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How to send and receive SMS text messages in OS X Yosemite

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With today's release of iOS 8.1, Apple finally activated SMS text forwarding from iPhone to OS X Yosemite, allowing users to send, read and reply to messages directly from their Mac.

Part of Apple's Continuity feature package introduced with OS X Yosemite and iOS 8, SMS and MMS text forwarding promises access to cellular-based messaging from any one of the company's products, from iPhones to iPads, and now to Macs.

Text forwarding is by turned off by default, but enabling the feature is a straightforward process similar to connecting to and setting up an Apple TV.

Users first navigate to Settings > Messages on an iPhone running iOS 8.1, which was released earlier on Monday as a free over-the-air update. A new option called "Text Message Forwarding" appears just below iMessage toggle switch, with the text, "Allow your iPhone text messages to also be sent and received on other devices signed in to your iMessage account."

Selecting the option brings up a menu pane of devices capable of connecting with and transmitting text messages to and from your iPhone. In our example, the iPhone discovered a Mac Pro, Retina MacBook Pro and iPhone 5s. Text forwarding can be selected as on a per-device basis, meaning users have greater control over where messages are headed.

In the example above, we activated our MacBook Pro to receive text messages, which sent out a validation request that resulted in a six-digit prompt in Messages for Mac. Entering the passcode on the iPhone successfully pairs the two devices, allowing for receipt and sending of SMS and MMS messages.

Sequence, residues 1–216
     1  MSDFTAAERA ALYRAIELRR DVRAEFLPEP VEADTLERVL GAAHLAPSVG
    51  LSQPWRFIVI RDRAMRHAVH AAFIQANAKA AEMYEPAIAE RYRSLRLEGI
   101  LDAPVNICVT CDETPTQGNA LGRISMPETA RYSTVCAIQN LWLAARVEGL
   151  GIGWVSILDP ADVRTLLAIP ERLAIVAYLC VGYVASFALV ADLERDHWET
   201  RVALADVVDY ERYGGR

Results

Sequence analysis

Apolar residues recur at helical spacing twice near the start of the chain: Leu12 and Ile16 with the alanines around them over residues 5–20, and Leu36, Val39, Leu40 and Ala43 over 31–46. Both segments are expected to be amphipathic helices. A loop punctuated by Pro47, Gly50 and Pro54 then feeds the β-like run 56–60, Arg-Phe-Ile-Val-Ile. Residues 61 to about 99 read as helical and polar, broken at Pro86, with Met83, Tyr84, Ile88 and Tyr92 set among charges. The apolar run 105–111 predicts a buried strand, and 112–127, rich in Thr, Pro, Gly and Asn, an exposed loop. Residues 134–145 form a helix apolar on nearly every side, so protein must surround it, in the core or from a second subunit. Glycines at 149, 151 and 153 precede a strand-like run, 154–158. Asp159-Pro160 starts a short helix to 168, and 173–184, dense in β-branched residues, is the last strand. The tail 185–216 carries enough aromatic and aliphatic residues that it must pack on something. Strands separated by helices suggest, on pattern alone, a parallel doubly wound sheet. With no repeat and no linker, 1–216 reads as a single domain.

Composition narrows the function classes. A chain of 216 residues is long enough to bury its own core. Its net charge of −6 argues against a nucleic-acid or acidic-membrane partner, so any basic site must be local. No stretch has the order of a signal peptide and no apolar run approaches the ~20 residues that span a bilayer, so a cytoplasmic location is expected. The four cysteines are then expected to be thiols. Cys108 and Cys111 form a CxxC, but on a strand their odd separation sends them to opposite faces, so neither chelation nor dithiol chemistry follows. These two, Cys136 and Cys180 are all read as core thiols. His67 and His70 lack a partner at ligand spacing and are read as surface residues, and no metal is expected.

When receiving a text from a number not stored in Contacts, a Notification Center alert will slide in with the originating phone number. You can reply directly from this window, just like incoming iMessages, or click on it to open the Messages app.

In testing, we found texts from numbers associated with an existing contact showed up with correct identification, though results were spotty. There were many times when a known number failed to trigger correct caller ID on the alert, but would later show up in line with iMessages from the same person.

As with iOS, text messages sent from Mac are shown in green as opposed to the usual blue bubbles, helping users keep track of text limits. A small informational line of text also appears in the conversation pane in Messages, denoting to what number the text is being sent or received.

In addition to Messages, users can initiate text conversations by highlighting numbers in other Mac apps like Safari, Calendar, Contacts or Spotlight. Share sheets also work with the new function, allowing rich content like pictures to be sent via MMS.

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